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The rocky road to a national disability insurance scheme

If health and water reform are anything to go by, COAG is in for a challenge.

The stakes are high for today’s Council of Australian Government (COAG) meeting in Canberra, as it decides how to respond to the Productivity Commission’s report into disability care and support in Australia.

The report recommends establishing two new insurance schemes:

1) A federally-funded National Disability Insurance Scheme (NDIS) to support all Australians with significant and permanent disability.

2) A separate state- and territory-funded and operated National Injury Insurance Scheme (NIIS) to provide coverage for new cases of severe accidental injury.

The commission’s report, released last week, addresses many of the problems of current systems.

But what will these schemes mean for the estimated 440,000 Australians set to receive funding from the schemes?

And what impact will they have on the states and territories?

A new approach

The NDIS will fill a space that’s currently highly fragmented and where disability services are provided by a multitude of state initiatives, not-for-profit providers, families and carers.

While not exactly a blank canvas, the current system is sufficiently broken to warrant an entirely new approach.

The NDIS is largely a needs-based insurance scheme that is available to all Australians regardless of the cause or duration of their disability.

This means that eligibility for the scheme is based on level of disability and it will be available to people with existing disability as well as those with newly-acquired disability.

The report estimates that 410,000 Australians would receive direct funding from the scheme.

It would provide long-term financial support for services such as home and vehicle modifications, personal care, respite, community access support, domestic and transport assistance.

If adopted as proposed, the commission’s recommendations would go a long way to removing current inequities and would provide the foundation for substantially improved quality of life for hundreds of thousands of disabled Australians, their carers and families.

An old approach?

The commission proposes a very different approach to compensation for catastrophic injury – albeit in a space where well-established, state-based approaches are already at play. This is the so-called “federated model” for the NIIS.

The injury scheme will be a “cause-based” insurance scheme that is available to Australians with a new “catastrophic” injury, usually severe traumatic brain injury, spinal cord injury, severe burns or multiple amputations.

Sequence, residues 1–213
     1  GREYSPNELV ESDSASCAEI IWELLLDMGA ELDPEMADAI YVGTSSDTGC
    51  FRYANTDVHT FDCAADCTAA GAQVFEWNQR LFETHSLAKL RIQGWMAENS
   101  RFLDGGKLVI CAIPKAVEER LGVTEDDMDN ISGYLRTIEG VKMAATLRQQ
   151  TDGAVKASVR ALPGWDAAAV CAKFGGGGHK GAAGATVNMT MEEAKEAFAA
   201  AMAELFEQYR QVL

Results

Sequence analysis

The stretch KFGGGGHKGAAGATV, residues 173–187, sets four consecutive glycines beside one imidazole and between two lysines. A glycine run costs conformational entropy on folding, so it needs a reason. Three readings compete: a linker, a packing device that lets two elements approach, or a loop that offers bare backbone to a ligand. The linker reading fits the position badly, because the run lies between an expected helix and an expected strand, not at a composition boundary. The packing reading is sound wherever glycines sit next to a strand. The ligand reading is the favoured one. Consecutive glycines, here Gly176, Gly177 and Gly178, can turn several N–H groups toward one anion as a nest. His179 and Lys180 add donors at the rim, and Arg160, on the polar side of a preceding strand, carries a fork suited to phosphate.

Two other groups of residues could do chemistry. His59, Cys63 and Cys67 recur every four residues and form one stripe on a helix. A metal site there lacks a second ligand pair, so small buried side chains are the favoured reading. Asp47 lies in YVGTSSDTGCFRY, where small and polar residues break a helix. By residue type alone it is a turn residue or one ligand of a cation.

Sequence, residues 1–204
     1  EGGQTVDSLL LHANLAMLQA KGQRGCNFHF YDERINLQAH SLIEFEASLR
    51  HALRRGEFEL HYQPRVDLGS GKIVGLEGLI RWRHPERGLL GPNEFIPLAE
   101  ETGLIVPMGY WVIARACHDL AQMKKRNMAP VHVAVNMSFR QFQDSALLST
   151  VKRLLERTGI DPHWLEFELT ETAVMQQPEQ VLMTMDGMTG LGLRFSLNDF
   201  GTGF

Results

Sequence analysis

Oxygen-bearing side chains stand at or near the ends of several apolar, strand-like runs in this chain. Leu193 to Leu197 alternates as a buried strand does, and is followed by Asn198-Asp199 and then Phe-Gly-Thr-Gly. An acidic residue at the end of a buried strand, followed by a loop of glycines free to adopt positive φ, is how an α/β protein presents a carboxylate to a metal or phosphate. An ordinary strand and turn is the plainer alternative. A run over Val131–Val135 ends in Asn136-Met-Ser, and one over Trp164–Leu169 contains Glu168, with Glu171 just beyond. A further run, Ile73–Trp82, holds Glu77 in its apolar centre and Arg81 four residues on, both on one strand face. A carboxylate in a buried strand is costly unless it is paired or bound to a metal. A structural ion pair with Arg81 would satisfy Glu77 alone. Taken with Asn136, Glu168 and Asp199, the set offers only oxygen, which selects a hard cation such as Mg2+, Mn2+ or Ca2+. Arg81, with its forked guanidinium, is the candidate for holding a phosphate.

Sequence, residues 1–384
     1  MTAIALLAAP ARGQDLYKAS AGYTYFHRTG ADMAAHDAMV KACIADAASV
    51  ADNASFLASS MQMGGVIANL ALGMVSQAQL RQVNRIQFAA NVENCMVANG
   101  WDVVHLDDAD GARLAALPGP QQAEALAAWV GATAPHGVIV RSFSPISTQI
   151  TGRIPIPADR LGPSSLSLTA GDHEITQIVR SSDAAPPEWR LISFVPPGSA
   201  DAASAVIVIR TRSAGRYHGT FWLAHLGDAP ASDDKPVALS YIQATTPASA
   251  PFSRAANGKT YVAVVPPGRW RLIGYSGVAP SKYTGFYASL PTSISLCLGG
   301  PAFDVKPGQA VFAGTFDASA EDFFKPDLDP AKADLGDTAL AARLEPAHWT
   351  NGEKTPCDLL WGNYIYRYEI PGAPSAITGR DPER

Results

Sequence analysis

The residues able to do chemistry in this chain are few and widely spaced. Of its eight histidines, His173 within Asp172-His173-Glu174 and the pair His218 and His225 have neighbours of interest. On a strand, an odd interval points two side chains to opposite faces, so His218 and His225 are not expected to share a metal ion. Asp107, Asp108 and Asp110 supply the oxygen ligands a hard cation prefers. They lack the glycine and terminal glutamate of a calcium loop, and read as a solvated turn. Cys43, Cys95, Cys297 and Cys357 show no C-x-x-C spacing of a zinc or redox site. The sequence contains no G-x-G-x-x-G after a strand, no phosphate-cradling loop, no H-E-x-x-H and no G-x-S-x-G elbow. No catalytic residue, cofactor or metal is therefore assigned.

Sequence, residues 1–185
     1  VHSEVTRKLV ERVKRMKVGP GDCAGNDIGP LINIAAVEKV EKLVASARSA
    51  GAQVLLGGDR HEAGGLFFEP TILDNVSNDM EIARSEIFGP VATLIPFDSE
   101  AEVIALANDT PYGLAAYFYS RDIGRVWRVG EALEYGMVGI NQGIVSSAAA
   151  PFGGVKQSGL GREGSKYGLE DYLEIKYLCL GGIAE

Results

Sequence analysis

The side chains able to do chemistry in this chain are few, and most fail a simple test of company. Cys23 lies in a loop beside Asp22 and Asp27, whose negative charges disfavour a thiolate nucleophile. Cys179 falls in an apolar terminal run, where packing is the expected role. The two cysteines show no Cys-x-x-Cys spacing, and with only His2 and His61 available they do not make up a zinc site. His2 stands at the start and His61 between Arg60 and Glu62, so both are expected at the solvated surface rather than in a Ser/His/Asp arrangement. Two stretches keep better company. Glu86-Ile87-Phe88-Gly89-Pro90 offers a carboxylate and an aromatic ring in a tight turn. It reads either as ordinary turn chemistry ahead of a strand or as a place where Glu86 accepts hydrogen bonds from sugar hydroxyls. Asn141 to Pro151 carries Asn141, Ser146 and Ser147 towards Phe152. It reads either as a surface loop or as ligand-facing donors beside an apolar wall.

This means that eligibility is limited to people with recently acquired disability resulting from accidental injury. The report estimates that 30,000 Australians would be in the scheme in the long run.

The NIIS is a series of state- and territory-funded schemes with nationally consistent principals.

The scheme would provide acute care, rehabilitation and lifetime care and support services such as those already provided in Victoria and New South Wales for injury resulting from transport accidents.

The scheme would be “no-fault” and would be extended to include injury arising from medical accidents, criminal injury, and injury occurring at home or in the community.

People with existing injury-related disability, and those with new injury-related disability who do not meet the criteria for “catastrophic injury”, would continue to rely on the current state-based injury compensation schemes.

These systems provide highly variable levels of coverage and support and exclude some individuals from receiving compensation based on fault.

Intriguingly, the commission suggests that the federated model is a third-best option for the NDIS, yet recommends this model for the NIIS.

The injury scheme is certainly not as ambitious as the larger disability scheme.

Making it happen

Implementing the commission’s recommendations will require national and state cooperation of a kind rarely seen in this country.

Recent COAG discussions on health system and water reform give an indication of the potentially rocky path ahead.

The commission describes a clear implementation plan for both the NDIS and NIIS with a long-term horizon. If all goes to plan, the NDIS will be progressively rolled out from 2014 and would be fully functional in 2018-19.

A faster rollout for the NIIS is proposed, beginning in 2013 and complete by 2015.

It’s clear that some states will be more affected than others by the new proposals, particularly with the NIIS.

For example, both Victoria and New South Wales already operate no-fault catastrophic injury compensation schemes for injury resulting from motor vehicle and work accidents, major causes of such injury.

Extension of these schemes to other causes of catastrophic injury will have a financial impact but will be relatively straightforward.

Most other states operate common law or fault-based injury compensation schemes with limited benefits for injured persons.

In those states, the economic impact will be more significant and the rollout will be much more difficult, requiring substantial changes to current systems.

This may be one factor contributing to recent political opposition to the Productivity Commission proposal from Western Australia.

The likely result?

The Productivity Commission should be congratulated for proposing such a bold social reform in a time of relative economic and political instability.

The proposal does not solve all existing problems, particularly in the area of injury insurance, but it is a very large step in the right direction.

If implemented, the disability and injury insurance schemes will positively impact the lives of hundreds of thousands of disabled Australians.

But first, the Commonwealth, states and territories need to agree on a plan.

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